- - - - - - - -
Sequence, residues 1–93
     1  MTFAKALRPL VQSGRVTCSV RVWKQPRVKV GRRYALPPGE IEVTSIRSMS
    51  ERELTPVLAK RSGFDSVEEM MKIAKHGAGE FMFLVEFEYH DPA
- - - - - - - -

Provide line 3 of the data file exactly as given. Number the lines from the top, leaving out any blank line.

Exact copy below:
    51  ERELTPVLAK RSGFDSVEEM MKIAKHGAGE FMFLVEFEYH DPA